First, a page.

Why is Morocco allowing itself to be bastardized=colonialised? There is nothing good to be gained except for some Moroccans making profit from the bastardisation. Take Italy which has commercial interest in Morocco from “inexpensive labour” for the Italian industry, low cost holiday resorts offered to Italians, other programs offered by the Italian government/confindustria* with intentions of colonisation & profit for Italia.

While the children of Lebanon were being bombed, burned and craters 10 tomes the tiny angles were been created, …. The Moroccans were entertaining an orchestra from Italy! for PEACE?

- the Donne marocchine in Italia = Moroccan women in Italy.
(a high percentage of Muslim population in Italy is from the Mahgreb region). This is changing as the – according to the “Caritas Diocesana di Roma Migrantes Roma e Lazio Edizione 2008” according to which there are 7982 Moroccans in Roma and Provinces (5º-Bengaladeshi, 19º - Moroccans).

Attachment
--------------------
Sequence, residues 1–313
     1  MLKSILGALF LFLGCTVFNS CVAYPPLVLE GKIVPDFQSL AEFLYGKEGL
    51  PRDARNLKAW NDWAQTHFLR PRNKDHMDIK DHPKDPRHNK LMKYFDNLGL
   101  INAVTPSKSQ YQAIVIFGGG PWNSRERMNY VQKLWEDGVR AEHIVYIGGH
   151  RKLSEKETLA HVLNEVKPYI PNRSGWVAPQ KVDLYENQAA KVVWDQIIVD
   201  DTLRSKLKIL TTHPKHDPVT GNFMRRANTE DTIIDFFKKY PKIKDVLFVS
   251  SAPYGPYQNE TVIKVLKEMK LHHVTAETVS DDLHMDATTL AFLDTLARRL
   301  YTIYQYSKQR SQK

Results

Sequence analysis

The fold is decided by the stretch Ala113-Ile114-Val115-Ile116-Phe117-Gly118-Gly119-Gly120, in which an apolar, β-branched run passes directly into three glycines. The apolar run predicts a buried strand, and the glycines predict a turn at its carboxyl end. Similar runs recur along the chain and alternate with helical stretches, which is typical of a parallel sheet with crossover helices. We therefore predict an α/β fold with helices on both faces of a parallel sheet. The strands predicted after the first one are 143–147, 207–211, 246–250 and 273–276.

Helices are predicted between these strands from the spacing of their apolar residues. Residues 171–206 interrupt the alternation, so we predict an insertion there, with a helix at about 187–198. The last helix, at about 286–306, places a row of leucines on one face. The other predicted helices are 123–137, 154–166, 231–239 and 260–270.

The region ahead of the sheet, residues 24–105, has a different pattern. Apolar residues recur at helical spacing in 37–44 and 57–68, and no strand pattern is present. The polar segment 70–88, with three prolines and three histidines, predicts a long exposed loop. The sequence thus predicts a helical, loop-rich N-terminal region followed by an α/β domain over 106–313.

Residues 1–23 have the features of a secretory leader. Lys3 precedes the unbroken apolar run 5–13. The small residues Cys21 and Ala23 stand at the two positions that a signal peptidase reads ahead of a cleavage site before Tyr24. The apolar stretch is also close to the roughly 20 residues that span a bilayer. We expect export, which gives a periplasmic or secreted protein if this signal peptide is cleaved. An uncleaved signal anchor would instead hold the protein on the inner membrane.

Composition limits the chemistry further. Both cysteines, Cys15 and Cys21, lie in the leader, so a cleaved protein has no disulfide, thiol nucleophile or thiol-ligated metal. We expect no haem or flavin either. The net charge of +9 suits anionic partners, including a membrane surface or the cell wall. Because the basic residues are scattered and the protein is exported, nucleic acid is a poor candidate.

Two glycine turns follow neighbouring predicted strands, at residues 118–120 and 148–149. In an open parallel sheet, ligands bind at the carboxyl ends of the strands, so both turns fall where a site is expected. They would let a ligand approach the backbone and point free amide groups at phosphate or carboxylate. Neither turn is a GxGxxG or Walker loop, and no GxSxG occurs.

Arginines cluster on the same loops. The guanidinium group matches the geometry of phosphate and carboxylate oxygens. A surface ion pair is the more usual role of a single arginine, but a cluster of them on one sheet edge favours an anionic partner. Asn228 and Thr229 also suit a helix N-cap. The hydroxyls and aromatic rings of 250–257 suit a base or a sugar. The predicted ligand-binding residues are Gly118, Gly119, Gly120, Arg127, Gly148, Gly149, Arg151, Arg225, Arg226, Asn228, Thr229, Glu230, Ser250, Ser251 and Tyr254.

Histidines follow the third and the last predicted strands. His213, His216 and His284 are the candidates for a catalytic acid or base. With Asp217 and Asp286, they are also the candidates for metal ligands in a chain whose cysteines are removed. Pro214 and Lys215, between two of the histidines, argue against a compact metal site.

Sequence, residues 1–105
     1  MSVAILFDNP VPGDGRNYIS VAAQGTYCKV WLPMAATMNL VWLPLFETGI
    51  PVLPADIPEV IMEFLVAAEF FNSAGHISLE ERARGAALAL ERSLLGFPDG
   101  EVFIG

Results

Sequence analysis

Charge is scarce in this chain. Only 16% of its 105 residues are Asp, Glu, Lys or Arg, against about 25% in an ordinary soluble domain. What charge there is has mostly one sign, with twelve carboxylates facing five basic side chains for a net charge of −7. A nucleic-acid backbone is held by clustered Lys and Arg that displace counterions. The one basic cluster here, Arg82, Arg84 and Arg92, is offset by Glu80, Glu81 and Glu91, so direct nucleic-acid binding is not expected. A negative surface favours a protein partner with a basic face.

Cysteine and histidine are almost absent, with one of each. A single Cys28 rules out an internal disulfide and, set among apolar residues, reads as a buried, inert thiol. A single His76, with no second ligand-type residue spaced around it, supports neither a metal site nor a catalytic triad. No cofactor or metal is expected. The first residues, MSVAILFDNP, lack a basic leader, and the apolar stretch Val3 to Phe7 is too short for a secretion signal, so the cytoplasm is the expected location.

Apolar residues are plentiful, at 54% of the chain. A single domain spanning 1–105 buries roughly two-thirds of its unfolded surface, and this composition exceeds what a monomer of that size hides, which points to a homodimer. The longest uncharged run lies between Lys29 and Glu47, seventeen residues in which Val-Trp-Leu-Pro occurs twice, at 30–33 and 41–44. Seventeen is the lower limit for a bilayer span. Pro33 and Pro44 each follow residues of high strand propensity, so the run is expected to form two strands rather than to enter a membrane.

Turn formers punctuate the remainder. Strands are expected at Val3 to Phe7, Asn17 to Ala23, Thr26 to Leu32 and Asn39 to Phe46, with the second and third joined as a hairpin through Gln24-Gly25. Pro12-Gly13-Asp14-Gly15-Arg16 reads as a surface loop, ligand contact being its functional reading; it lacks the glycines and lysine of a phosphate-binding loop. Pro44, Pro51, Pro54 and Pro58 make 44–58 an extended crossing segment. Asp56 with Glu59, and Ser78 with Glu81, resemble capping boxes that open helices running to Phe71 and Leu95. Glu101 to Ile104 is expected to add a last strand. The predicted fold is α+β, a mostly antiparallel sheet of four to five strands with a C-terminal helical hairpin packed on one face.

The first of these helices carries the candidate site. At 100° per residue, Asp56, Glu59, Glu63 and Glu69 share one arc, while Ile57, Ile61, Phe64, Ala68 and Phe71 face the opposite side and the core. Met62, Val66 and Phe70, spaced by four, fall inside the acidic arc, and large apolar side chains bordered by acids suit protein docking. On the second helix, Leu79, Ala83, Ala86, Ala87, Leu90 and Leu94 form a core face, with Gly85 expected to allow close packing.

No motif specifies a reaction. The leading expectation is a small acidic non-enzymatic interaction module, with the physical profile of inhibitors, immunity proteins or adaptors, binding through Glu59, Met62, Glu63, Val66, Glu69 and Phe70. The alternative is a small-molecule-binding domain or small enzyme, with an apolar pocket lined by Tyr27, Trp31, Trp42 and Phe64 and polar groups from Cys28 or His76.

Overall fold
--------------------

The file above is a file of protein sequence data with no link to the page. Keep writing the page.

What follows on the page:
They just sprouted like a “mushroom” from nowhere. No one knows “How they came to be. A simple survey showed:
large almost 95% have a strong dislike of the way the group Donne Marocchine in Italia use their religion for their own political and personal gains and the rest 5 % when they heard the Donne Marocchine - Ms Souad Sbai & Ms Dounia Ettaib in Italia group’s name walked away in disgust.
Ms Souad Sbai is said to be a moderate Muslims and she is with the fascist party AN
The Donne Marocchine in Italia started a news paper called Magharebia
Below is the result from the search engine:

The News & Views of the Maghreb
About This Site